If there’s any truth to the claim that PTSD varies less by what the victim experiences than by what the victim does, then part of the US anomaly may derive from the US military committing more atrocities, and/or preparing soldiers more poorly for combat (in terms of expectations, training in how not to do the wrong things, and recovery afterwards).

  3. #3 Jim Larsen
    September 2, 2009

    Alleged PTSD and suicide rates are linked in the media to OIF/OEF.

    There all sorts of data issues to consider when talking about comparing population shifts.

    1. 32,000 civilians commit suicide each year, while hundreds of thousands attempt it. Civilian suicide rates vary widely by age, gender, and race so population-level data is highly lumpy. 73% of suicides are Caucasian males (I’d have to check but this might be a bimodal distribution by age). Suicide is a close tie as 2nd cause of death with firearms for 18-24 y/o males (cars being #1).

    2. The military is a demographically unique population with fairly significant shifts (% married, etc.). See ‘Strengthening the Validity of Population-Based Suicide Rate Comparisons: An Illustration Using U.S. Military and Civilian Data’
    Author(s): Karen M. Eaton, MS 1 | Stephen C. Messer, PhD 2 | Abigail L. Garvey Wilson, MPH 3 | Charles W. Hoge, MD 4

    3. The military has close to real-time annual data. The CDC formal data lags well behind with latest being 2005. CDC was documenting annual increases in civilian suicide behaviors in prior years.

    4. The military force structure has increased since 2001. Alleging increase in suicide numbers must be compared with population shifts. The military infrastructure is constantly evolving so what each of us believes to be true based on our experiences may have shifted. In RVN increasing the MWR resources dramatically affected the desertion rate, etc. which gets at traditional military issues of large young populations in isolated surroundings.

    5. There is a lot of suicide research addressing risk taking, impulsiveness, and alcohol use.

    6. The post-suicide ‘psychological autopsy’ based on verbal hx analyses identify traditional pre-suicide issues: relationship break-ups, money problems, job issues, etc. The AF decreased its suicide rate by maintaining its training program frequency (when the training stopped the rate returned)

    7. We know several physiological things to be true:

    a. Alcohol washes b vitamins out of the body and heavy drinkers may not eat a balanced diet. Pellagra, a severe b vitamin deficiency causing psychosis, still exists in alcoholic populations (it was rampant in the US in the 30-40s due to bad diets).

    b. Other nutritional deficiencies affect thinking and mood (see McClung on iron deficiency in BCT).

    c. Adverse Childhood Experiences (CDC ACE study; see also Harlow studies) literally affect brain development. This population is characterized by high-risk behaviors. This population may join the military at higher rates (see Resnick).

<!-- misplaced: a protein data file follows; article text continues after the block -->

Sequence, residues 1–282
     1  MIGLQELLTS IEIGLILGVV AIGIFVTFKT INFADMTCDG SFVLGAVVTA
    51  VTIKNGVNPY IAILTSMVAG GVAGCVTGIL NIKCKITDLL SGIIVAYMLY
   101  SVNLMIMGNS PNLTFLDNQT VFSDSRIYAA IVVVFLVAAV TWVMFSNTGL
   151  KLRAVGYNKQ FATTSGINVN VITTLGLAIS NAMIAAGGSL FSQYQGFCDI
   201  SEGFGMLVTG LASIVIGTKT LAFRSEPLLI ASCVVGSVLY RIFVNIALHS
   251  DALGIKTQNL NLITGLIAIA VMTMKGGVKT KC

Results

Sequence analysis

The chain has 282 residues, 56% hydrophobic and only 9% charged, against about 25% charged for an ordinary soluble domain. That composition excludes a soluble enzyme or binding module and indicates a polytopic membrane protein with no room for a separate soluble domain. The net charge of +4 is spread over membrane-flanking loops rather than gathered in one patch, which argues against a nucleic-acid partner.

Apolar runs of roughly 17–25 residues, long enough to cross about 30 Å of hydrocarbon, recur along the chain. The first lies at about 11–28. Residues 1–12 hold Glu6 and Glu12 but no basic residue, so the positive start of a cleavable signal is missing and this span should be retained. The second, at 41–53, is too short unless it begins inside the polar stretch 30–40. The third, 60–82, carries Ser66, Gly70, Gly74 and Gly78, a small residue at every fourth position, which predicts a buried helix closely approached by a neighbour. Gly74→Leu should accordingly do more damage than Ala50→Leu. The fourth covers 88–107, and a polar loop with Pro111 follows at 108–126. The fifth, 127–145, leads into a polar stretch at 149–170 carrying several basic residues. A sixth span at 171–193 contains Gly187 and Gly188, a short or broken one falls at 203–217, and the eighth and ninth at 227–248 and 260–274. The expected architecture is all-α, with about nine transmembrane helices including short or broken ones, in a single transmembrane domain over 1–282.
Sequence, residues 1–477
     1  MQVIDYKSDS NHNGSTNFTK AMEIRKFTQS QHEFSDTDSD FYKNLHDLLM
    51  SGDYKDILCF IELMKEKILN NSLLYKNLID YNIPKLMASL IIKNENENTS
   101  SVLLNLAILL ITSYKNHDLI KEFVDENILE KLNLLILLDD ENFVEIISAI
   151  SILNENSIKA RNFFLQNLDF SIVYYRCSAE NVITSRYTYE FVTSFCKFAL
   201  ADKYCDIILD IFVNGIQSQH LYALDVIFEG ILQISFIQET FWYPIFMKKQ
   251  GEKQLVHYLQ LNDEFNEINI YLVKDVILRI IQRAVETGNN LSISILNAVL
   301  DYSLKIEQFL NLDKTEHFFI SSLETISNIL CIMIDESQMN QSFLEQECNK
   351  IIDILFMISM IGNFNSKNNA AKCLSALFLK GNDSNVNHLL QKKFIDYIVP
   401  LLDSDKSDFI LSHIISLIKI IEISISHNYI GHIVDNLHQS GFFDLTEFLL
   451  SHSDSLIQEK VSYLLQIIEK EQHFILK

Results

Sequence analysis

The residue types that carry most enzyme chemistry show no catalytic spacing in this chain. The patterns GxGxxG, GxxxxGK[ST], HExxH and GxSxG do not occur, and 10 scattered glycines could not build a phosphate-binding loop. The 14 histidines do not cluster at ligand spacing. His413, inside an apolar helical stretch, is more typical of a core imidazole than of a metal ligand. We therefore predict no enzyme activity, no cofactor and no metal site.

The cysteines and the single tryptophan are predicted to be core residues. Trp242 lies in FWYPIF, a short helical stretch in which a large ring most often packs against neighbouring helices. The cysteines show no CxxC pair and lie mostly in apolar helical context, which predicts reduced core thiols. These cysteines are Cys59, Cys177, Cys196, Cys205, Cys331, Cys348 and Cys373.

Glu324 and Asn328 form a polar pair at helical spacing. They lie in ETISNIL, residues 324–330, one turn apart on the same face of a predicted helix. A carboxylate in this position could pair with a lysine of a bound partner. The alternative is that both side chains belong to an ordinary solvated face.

d. The extensive WRAIR sleep deprivation research shows how sleep loss seriously affects thinking and feeling (we know that alcohol abuse interferes with sleep as well) and the massive data re Combat Exhaustion in WWII (most got better after rest and food).

    It might be interesting to see if the physical autopsy results are included in the psychological autopsy.

    8. Therefore, I’m not sure that bad experiences or bad memories “cause” suicide/PTSD or whether a fifth of Jack at 0400 causes bad memories, PTSD, and suicide. Hard to point out which single event in a cascade of events in the downward spiral is the “cause.”

    9. We cannot ignore Compensation Neurosis. Folks in WWII who got to the disability system became untreatable. The same is true today in TDRL folks. Exactly how does money ‘treat’ PTSD? Does the VA independently verify claims? As one guy I was working with said:”This bad back earns me $700 a month and it’s not getting any better.”

    10. Please be careful with screening data. Screening out 15% of approx 400,000 physicals would disqualify 60,000 applicants. Correlations like this lack specificity.

  4. #4 Jim Larsen
    September 2, 2009

    Analyses are one thing. Solutions are another.

    1. The probability of getting the Army’s small suicide numbers down to say the AF rate (11/100,000) is close to impossible, but can get closer. 120 in 1.1M is a needle-haystack.

    2. It is worth exploring solutions or future directions:

    a. The military has no equivalent of the CDC NAHANES health monitoring program. Give everybody, or a sample, at entry a comprehensive health assessment:

    a1. A modified comprehensive blood chemistry. Should evaluate exactly what gets added: vit D, RBC exam, bone density, EPA/AA ratio, etc. Very high stress fracture rates are associated with entry osteopenia.

    a2. Paper & Pencil instruments. The Success Profiler (they have a resilience module and a good research bibliography). Look at data mining to bring in psych treatment hx from insurance databases. Rather focus on skill sets than relatively rare pathology.

    a3. Look at the Kaiser-Permanentee ACE screen (K-P reduced its healthcare costs by 30% by looking for ACE background)? Brain scans?

    a4. This could be done as a pilot under a hybrid MEPCOM-DODMERB model (use local regional hospitals as contract physical givers with MEPCOM docs doing PUHLES; ASVAB to computer learning centers). Screen out or treat in? Collect data first then decide.